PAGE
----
Chernobyl Forum

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The Chernobyl Forum is the name of a group of UN agencies, founded on 3–5 February 2003 at the IAEA (International Atomic Energy Agency) Headquarters in Vienna, to scientifically assess the health effects and environmental consequences of the Chernobyl accident and to issue factual, authoritative reports on its environmental and health effects.[1]


Nine UN organizations are involved in the Chernobyl Forum:

  • the IAEA (International Atomic Energy Agency)
  • the FAO (Food and Agriculture Organization)
  • the OCHA (United Nations Office for the Coordination of Humanitarian Affairs)
  • the UNDP (United Nations Development Programme)
  • the UNEP (United Nations Environment Programme)
  • the UNSCEAR (United Nations Scientific Committee on the Effects of Atomic Radiation)
  • the WHO (World Health Organization)
  • the World Bank.

The Chernobyl Forum also comprises the governments of Belarus, Russia and Ukraine.


The Chernobyl Forum released on 5 September 2005 a comprehensive scientific assessment report on the consequences of the Chernobyl accident titled: "Chernobyl’s Legacy: Health, Environmental and Socio-Economic Impacts".[2] A revised edition was released in March 2006 and is available here, together with the Forum's report "Recommendations to the Governments of Belarus, the Russian Federation and Ukraine".

The report covers environmental radiation, human health and socio-economic aspects. About 100 recognized experts from many countries, including Belarus, Russia and Ukraine, have contributed. The report claims to be "the most comprehensive evaluation of the accident’s consequences to date" and to represents "a consensus view of the eight organizations of the UN family according to their competences and of the three affected countries".[3]

On the death toll of the accident, the report states that 28 emergency workers died from acute radiation syndrome and 15 patients died from thyroid cancer. It roughly estimates that cancers deaths caused by the Chernobyl accident might eventually reach a total of up to 4,000 among the 600,000 cleanup workers or "liquidators" who received the greatest exposures.[4]

One paper estimates an additional 5,000 deaths from the Chernobyl accident among the exposed population of around 6 million living in the contaminated areas of Ukraine, Belarus and Russia[5] However, the paper notes that no significant increased cancer risk apart from thyroid cancer has been scientifically demonstrated to date; this prediction is only an indication of the possible impact of the accident, and should not be taken at face value.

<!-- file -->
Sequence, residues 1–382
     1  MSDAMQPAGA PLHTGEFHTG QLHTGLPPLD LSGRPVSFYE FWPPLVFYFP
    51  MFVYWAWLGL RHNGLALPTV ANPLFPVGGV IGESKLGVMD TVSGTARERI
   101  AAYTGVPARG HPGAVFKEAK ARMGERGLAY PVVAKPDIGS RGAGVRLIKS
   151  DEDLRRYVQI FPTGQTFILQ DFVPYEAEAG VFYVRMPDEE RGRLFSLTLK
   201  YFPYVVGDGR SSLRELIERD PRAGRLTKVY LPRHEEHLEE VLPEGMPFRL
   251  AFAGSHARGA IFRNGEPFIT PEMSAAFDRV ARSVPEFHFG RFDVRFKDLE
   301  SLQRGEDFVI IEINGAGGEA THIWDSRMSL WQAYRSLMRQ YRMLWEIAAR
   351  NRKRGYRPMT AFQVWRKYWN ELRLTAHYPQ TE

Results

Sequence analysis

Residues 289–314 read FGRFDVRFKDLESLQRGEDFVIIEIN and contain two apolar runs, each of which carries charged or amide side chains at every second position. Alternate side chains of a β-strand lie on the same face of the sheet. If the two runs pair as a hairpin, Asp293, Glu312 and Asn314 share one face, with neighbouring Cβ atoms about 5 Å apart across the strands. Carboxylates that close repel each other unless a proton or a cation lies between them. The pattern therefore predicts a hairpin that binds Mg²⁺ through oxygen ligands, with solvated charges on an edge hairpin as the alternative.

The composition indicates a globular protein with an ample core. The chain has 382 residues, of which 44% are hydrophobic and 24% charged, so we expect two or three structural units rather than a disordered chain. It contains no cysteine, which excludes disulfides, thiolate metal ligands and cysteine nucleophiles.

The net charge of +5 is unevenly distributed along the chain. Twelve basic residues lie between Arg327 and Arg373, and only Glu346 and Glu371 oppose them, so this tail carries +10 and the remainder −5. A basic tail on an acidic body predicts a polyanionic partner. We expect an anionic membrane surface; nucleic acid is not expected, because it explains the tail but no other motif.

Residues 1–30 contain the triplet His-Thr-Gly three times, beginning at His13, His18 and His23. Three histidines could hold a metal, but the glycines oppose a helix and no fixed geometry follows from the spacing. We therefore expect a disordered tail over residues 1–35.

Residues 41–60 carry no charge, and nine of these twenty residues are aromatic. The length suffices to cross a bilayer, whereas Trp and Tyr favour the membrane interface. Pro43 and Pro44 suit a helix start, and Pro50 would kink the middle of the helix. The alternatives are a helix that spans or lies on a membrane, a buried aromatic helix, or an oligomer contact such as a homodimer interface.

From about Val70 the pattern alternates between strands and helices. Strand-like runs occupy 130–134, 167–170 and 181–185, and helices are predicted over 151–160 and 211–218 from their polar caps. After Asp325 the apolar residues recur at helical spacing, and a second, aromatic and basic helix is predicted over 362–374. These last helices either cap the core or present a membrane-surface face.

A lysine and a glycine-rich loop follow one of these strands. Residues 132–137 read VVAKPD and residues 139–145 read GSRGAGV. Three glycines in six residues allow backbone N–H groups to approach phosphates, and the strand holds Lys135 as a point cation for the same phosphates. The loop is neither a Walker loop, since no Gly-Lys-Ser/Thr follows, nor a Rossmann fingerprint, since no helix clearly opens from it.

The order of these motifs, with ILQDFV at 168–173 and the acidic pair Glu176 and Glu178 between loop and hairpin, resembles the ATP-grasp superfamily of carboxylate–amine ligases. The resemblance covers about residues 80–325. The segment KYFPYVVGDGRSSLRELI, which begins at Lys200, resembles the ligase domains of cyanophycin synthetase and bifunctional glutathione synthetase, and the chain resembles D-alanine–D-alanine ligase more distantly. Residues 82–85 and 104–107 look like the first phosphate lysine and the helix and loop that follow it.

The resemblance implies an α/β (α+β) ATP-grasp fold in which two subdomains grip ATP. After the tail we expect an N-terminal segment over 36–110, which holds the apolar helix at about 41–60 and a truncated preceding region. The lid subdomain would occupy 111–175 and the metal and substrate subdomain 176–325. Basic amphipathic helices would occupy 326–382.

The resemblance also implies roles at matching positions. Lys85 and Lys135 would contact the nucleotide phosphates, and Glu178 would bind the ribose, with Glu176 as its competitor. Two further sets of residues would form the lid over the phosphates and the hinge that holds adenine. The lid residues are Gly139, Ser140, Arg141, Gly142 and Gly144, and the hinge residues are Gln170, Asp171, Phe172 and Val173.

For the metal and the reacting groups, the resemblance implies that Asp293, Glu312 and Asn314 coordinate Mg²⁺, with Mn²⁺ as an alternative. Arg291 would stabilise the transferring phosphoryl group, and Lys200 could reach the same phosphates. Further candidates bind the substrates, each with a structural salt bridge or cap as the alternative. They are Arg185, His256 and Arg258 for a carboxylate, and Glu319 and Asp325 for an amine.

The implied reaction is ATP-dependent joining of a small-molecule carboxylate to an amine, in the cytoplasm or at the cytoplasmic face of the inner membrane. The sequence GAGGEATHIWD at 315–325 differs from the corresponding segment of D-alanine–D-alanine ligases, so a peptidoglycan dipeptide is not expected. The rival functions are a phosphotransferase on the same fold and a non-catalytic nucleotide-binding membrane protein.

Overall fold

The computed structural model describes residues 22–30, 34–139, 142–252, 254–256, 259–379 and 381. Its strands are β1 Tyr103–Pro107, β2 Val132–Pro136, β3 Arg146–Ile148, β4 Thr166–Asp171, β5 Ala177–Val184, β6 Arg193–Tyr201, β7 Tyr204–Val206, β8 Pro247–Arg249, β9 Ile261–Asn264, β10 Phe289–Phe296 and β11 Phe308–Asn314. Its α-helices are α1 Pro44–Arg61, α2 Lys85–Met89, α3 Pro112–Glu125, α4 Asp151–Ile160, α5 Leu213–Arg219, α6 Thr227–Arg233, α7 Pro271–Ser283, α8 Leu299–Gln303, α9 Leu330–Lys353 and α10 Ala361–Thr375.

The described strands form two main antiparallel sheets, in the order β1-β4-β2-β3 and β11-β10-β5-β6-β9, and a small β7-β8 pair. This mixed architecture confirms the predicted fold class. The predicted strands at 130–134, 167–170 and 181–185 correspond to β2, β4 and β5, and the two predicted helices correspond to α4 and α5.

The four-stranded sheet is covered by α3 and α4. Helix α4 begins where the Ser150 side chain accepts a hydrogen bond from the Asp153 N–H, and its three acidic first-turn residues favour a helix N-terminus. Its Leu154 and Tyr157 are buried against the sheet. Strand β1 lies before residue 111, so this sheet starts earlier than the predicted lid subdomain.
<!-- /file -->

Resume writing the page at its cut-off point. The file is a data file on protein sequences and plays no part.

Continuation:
The report quotes 4,000 cases of thyroid cancer resulting from the accident, mainly in children and adolescents at the time of the accident; however the survival rate is almost 99%. Since most emergency workers and people living in contaminated areas received relatively low radiation doses, comparable to natural background levels, no decrease in fertility or increase in congenital malformations have been observed.[2]

The report indicates that many people were traumatised by the accident and the rapid relocation that followed; they remain anxious about their health, perceiving themselves as helpless victims rather than survivors, mainly because of the lack of credible information about the effects of the accident. The Chernobyl Forum recommends that relocated people be helped to normalise their lives and better access social services and employment.

The report also concluded that a greater risk than the long-term effects of radiation exposure, is the risk to mental health caused by exaggerated fears about the effects of radiation:

" ... The designation of the affected population as “victims” rather than “survivors” has led them to perceive themselves as helpless, weak and lacking control over their future. This, in turn, has led either to over cautious behavior and exaggerated health concerns, or to reckless conduct, such as consumption of mushrooms, berries and game from areas still designated as highly contaminated, overuse of alcohol and tobacco, and unprotected promiscuous sexual activity."[6]

See also[edit]


  1. ^ "Chernobyl Forum" on the IAEA website
  2. ^ a b Press release by IAEA, WHO and UNDP "Chernobyl: The True Scale of the Accident"
  3. ^ Chernobyl Forum assessment report "Chernobyl’s Legacy: Health, Environmental and Socio-Economic Impacts"
  4. ^ GreenFacts' summary of the Chernobyl Forum assessment report
  5. ^ .CHERNOBYL: Looking Back to Go Forward "Proceedings of an international conference (Chernobyl Forum)"
  6. ^ International Atomic Energy Agency. What's the situation at Chernobyl? Retrieved 2008-02-14.

External links[edit]